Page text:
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by Philip Armstrong

Part 1 and Part 3
appear in this issue.
part 2 of 3

Without speaking, Loki and his guide, Chimera Ness, agree to pause for a moment. The air has cooled as they approach the high plateau that dominates the southern hinterland of Gondwana, but they are both panting all the same and their clothes are soaked in sweat. All afternoon they have been climbing a long succession of terraces, the sun beating on their backs. Now they see before them a line of rolling hills, steep but not rocky, sculpted like sand dunes.

In fact the slopes are covered by waist-high grasses, as they discover upon entering a valley between two summits. Mingling with the last light of the sun, the clumps of tussock soften the ridges and dips, so the hills appear blurred, like piles of dissolving powder. Wending through these, Loki and Mera get even hotter. Their packs stick to their shoulders in the heavy air. Even the movements of Lupe, Mera’s tracking dog, seem sluggish.

They follow the valley through the hills, turning around shoulders of raised land. At last their way is blocked by a steep ridge. Lupe, with a brief glance backwards, begins to climb in strenuous leaps. The others grasp at the tussock and haul their bodies upwards.

Reaching the top, they are blinded and nearly knocked backwards by a gust of icy wind, full of leaves and dirt. When they half-open their stinging eyes, they see before them a landscape so different that they might as well be standing on a cliff above the ocean.

The plateau begins at the foot of a short downward slope that lies immediately before them. The sun has set, so the ground appears dim and featureless all the way to a luminous horizon. In contrast the clouds are an inverted badland of ravines and crags, thrown into gothic relief by the long southern dusk.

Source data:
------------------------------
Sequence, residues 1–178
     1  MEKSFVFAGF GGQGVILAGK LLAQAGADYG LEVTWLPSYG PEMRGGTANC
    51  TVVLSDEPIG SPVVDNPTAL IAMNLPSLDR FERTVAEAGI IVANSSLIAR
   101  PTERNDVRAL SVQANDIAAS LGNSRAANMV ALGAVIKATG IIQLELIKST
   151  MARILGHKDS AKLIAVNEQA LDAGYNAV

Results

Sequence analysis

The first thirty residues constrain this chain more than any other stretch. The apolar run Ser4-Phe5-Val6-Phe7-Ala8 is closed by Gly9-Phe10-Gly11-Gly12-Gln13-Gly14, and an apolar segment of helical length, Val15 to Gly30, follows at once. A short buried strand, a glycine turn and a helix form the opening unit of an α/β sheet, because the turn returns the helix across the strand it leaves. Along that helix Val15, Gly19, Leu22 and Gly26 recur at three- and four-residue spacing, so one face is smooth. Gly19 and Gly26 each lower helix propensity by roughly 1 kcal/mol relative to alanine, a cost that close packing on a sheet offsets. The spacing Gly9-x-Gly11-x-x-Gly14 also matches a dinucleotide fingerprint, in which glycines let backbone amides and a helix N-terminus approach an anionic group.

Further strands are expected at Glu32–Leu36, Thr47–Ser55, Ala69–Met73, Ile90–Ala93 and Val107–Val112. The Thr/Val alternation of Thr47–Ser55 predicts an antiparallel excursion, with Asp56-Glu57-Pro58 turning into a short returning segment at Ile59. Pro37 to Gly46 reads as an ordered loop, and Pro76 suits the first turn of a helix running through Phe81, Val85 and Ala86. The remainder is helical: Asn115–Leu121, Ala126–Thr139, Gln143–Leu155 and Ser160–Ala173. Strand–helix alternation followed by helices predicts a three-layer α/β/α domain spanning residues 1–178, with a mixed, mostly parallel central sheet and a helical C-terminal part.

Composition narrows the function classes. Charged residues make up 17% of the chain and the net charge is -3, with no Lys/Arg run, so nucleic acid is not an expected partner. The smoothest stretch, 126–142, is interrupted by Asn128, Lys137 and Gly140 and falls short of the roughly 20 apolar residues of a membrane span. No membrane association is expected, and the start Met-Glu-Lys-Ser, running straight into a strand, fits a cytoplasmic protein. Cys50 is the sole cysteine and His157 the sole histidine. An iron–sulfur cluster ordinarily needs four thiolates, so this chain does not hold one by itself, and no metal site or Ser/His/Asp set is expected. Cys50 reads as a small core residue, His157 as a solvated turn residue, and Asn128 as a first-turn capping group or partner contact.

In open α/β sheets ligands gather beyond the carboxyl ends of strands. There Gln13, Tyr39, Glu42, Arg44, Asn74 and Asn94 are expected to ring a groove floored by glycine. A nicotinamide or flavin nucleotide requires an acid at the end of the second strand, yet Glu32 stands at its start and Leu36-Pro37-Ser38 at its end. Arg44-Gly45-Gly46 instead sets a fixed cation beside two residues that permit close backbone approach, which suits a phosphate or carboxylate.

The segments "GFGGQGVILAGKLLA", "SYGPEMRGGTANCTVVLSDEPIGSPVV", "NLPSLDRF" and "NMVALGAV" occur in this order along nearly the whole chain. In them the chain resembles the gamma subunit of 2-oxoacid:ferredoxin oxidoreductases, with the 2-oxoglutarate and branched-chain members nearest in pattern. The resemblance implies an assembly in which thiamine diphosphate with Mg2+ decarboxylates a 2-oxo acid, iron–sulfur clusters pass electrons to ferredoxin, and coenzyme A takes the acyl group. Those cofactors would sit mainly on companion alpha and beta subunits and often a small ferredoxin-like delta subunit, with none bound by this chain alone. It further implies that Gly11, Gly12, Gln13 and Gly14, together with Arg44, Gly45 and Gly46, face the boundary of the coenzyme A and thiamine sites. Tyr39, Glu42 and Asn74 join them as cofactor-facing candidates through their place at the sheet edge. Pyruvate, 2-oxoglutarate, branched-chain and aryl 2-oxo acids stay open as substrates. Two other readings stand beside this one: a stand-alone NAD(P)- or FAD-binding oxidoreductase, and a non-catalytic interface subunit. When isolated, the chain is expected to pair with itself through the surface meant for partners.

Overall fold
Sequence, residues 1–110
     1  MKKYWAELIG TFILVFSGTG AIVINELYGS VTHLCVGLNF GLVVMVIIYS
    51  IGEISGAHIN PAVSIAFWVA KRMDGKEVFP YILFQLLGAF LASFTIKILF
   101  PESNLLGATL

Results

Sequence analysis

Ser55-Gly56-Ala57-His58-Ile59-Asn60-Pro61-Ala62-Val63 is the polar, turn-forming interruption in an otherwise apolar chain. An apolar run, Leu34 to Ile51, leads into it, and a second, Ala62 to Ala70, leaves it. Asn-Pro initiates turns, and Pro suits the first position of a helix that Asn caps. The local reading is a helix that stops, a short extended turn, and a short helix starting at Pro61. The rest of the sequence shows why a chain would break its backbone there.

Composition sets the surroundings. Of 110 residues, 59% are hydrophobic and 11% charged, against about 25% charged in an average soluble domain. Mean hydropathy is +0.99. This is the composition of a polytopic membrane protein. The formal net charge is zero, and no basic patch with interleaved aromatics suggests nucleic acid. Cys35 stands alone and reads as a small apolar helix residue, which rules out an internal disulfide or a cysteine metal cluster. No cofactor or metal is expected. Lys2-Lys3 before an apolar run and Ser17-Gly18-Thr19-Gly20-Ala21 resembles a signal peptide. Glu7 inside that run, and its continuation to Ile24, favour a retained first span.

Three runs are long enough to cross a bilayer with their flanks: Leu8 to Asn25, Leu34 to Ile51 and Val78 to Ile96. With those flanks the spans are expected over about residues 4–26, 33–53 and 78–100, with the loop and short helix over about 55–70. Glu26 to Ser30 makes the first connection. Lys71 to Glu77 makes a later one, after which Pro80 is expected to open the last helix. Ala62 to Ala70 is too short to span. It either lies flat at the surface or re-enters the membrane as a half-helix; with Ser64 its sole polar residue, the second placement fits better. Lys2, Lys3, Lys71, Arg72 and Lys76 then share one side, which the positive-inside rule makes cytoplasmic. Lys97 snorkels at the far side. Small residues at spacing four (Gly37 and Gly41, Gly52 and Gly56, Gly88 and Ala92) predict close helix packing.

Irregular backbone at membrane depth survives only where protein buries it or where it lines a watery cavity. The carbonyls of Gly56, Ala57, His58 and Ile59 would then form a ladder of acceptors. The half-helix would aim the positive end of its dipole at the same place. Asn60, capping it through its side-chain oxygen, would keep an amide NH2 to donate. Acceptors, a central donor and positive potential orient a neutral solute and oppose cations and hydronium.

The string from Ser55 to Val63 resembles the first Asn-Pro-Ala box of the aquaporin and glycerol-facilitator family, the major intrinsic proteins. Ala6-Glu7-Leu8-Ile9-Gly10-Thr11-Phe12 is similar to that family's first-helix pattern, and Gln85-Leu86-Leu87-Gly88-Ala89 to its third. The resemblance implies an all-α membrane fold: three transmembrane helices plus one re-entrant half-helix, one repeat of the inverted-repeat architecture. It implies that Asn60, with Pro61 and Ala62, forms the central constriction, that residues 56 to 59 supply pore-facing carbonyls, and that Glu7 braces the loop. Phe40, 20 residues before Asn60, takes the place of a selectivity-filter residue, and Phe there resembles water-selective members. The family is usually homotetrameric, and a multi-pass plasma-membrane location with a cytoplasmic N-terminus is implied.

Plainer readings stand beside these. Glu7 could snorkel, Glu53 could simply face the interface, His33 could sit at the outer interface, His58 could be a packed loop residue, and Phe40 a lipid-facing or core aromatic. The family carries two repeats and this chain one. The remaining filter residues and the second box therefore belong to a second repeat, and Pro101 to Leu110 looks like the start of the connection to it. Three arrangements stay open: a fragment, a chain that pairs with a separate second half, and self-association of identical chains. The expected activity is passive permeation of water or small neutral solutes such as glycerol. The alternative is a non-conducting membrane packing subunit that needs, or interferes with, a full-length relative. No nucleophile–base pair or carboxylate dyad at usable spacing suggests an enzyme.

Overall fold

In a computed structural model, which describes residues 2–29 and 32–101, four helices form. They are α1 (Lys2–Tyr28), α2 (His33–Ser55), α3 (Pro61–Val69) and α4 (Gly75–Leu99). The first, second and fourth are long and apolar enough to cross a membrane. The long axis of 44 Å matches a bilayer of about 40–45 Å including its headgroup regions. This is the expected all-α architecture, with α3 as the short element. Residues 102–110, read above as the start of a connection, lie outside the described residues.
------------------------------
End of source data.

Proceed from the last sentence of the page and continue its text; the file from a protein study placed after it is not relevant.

But harsher and more substantial than earth or sky is the wind that forces them apart. On Galvanic Plateau, the high, wide centre of Gondwana, the wind is endless, and endlessly varied. It has its own architecture of whirling stairwells and swift passages, in which many different species make their homes.

On the long journey to get to this place, Loki questioned Mera closely about the fauna of the plateau. She told him about the largest creature native to the region, the Plains Condor, which possesses a vast wingspan and such atrophied feet that if it ever lands beyond the plateau it usually dies, unable to take off without a gale force wind. It hunts, sleeps and mates on the wing.

The female lays one egg only, which she catches and clasps in her otherwise useless feet, holding it against her body till it hatches. Once the chick emerges and the shell falls away, the male takes over. The mother bird drops the hatchling onto its father’s back, where it burrows into the thick plumage between his wings. He feeds it by spitting part-digested food over his shoulder, carrying the fledgling until it is ready to fly solo.

Mera also described for Loki the smallest local avian species, the Fanbird. Too tiny to master the winds, it spends its brief days thrown from one blast to the next. The Fanbird’s wings and tail take the form of rigid but flexible semicircles, slightly concave, designed to catch conflicting currents. As the bird is flung about, it snaps at any insect that happens to be caught in the same gust, for the winds above the plateau, Mera went on to explain, are full of invertebrate life too.

There are spiders that float in the quieter air above the hurricane-level gusts, clinging to parachute-shaped webs. Further down live a hundred different species of moth and butterfly, even more delicate than the Fanbird but following the same unpredictable trajectories. And of course, as Mera warned, no-one visiting the Plateau should forget the Silver Bullet-Beetle, which gains from the prairie winds the momentum of a musket ball and therefore — since its carapace is so well-armored against collisions — has been known to pierce the ribcages or skulls of humans and horses, leaving an exit wound the size of a fist on the opposite side.